by Amy Henrici
The Section of Vertebrate Paleontology at Carnegie Museum of Natural History acquires fossils in a variety of ways, most commonly through field work by Section staff, exchanges with other museums, donations, or (very rarely) purchases. The most recent addition to the collection came by way of a donation.
Gary Kirsch discovered the tooth shown above in a sand-gravel bar of a central Ohio stream in 1988 while collecting sediment samples. He had set his sampling equipment on the sand-gravel bar and was moving between the bar and the stream collecting samples. During one of his many forays, Gary noticed an edge of the tooth sticking out of the bar and pulled it out. It was covered in mud, which he quickly cleaned off in the stream to reveal the beautifully preserved tooth, which he identified as that of a mammoth.
Gary recently emailed photographs of the tooth to Assistant Curator of Vertebrate Paleontology Matt Lamanna because he wanted to donate it to the museum. Acceptance of his generous offer required some research: mammoth and Asian elephant teeth are very similar, and because none of the Section staff are experts in fossils of Pleistocene (Ice Age) mammals, we reached out to Pleistocene expert Blaine Schubert at East Tennessee State University, who often uses our collection, to verify Gary’s identification. Blaine was certain that it was a mammoth tooth because an Asian elephant tooth could only have come from a zoo or circus animal, which was highly unlikely. Blaine was curious about how teeth of the two species are distinguished, so he forwarded the photographs to an elephant expert at his university, Chris Widga.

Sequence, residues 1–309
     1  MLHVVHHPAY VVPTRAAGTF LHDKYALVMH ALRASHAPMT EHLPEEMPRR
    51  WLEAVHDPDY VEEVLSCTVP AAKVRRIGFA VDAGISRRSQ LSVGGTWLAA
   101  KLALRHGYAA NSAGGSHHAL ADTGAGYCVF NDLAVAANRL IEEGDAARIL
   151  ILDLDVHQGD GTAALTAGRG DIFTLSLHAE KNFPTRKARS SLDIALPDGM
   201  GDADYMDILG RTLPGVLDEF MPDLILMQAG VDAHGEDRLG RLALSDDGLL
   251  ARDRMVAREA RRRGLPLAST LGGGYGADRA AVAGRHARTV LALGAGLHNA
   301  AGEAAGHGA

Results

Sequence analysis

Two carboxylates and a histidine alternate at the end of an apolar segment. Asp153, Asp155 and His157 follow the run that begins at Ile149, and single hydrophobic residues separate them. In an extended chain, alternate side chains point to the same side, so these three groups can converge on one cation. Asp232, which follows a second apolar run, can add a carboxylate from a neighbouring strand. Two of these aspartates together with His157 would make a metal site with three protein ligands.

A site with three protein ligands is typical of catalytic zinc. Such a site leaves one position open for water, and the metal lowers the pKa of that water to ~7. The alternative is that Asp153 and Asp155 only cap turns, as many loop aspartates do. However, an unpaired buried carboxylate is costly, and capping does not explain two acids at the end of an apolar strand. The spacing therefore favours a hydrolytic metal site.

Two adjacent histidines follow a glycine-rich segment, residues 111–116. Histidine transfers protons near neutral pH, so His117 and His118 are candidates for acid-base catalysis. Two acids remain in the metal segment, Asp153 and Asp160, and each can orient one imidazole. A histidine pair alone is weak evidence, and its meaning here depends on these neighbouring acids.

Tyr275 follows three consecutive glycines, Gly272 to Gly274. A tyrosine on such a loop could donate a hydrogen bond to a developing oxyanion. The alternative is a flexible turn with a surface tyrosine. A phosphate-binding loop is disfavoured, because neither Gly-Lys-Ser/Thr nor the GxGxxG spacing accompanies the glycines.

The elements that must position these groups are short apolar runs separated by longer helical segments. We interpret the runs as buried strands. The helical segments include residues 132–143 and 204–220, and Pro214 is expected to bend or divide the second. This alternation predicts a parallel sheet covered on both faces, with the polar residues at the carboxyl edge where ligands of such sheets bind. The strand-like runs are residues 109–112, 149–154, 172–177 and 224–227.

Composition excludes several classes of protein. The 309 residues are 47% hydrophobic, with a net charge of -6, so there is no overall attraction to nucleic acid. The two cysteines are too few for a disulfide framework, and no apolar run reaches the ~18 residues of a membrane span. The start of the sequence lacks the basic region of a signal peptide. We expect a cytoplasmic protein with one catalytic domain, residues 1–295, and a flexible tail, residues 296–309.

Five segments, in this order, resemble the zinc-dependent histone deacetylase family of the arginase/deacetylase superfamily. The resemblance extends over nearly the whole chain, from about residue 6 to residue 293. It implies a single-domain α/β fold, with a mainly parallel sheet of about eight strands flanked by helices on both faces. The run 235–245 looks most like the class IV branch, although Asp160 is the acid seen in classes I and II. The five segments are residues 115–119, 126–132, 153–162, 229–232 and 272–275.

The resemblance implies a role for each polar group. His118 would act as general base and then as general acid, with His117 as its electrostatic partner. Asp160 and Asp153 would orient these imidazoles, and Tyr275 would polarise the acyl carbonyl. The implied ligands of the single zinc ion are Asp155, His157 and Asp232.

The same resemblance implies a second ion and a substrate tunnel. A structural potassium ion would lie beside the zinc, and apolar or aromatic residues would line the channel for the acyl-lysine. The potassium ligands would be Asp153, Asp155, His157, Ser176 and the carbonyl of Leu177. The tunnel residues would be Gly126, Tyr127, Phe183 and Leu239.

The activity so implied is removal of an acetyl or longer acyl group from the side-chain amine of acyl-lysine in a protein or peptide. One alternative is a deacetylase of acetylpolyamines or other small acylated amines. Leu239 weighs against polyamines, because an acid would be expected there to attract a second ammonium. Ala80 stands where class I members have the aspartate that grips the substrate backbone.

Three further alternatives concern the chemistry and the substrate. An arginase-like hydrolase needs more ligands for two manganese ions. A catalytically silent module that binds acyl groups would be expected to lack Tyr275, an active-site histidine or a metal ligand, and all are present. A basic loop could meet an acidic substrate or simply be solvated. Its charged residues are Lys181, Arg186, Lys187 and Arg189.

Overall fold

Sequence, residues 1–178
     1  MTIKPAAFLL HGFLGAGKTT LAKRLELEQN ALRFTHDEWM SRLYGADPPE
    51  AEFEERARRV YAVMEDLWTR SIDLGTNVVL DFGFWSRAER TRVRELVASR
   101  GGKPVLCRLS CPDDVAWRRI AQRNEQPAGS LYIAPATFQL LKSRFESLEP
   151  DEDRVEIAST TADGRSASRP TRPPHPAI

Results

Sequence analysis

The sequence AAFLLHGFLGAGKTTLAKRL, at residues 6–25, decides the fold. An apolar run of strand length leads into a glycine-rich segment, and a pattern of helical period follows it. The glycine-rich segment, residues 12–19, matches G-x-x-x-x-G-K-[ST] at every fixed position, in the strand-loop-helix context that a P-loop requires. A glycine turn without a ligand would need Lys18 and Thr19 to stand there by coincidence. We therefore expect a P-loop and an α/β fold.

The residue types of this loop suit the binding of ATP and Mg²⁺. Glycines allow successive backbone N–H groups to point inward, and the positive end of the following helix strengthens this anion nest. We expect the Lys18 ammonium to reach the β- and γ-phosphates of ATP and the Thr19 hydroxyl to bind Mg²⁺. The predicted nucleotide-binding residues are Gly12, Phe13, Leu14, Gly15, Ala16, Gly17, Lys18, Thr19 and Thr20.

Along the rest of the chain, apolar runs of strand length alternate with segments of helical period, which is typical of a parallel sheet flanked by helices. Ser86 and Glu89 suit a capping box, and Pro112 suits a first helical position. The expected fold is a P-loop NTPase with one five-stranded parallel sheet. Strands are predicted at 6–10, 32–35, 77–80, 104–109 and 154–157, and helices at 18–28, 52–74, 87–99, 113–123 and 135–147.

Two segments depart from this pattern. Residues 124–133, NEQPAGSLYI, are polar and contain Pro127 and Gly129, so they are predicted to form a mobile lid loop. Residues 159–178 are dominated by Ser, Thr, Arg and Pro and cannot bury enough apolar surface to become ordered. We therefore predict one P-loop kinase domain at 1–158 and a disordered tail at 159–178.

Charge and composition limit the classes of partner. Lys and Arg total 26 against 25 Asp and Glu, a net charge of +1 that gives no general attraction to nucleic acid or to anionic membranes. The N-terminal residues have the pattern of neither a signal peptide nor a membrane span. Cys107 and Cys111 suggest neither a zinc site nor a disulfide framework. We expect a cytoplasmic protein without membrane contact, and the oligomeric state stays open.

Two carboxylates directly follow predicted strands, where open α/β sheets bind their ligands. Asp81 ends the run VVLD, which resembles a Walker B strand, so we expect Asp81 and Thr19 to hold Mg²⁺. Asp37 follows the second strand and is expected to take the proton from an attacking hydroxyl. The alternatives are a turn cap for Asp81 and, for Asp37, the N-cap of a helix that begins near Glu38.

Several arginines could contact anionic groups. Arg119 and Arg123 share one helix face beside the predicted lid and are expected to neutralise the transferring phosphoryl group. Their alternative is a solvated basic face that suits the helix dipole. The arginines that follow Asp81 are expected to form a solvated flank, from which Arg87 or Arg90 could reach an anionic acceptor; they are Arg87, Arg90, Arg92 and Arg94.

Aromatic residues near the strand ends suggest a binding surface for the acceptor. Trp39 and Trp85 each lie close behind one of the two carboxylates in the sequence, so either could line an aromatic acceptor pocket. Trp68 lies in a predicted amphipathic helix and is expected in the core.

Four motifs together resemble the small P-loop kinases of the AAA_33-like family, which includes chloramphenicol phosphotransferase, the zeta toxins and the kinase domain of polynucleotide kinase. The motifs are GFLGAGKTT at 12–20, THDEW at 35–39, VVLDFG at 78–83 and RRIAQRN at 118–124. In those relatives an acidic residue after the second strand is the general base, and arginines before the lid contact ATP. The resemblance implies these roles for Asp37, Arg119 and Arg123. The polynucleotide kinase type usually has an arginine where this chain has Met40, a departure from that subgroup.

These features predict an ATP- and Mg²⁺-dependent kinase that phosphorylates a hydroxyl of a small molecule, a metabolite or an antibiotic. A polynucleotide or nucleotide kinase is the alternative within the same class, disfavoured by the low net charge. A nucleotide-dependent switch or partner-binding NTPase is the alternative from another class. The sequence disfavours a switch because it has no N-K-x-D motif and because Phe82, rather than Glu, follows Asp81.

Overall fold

Chris determined that the tooth is the first (forward-most) molar from the left upper jaw, and because it has fairly crenulated enamel, that it is from a woolly mammoth (Mammuthus primigenius). Through comparison with tooth eruption and wear schedules (sequences) of modern elephants, Chris concluded that the animal was in its late teens to early 20s when it died. In the wild, modern elephants generally live to about their mid-50s, so this single specimen offers a window into mammoth mid-life.
The Section is grateful to Gary for his thoughtful donation. The specimen will be put on temporary display soon in the PaleoLab window on the first floor of the museum for public viewing.
Amy Henrici is the collection manager for the Section of Vertebrate Paleontology at Carnegie Museum of Natural History. Museum employees are encouraged to blog about their unique experiences and knowledge gained from working at the museum.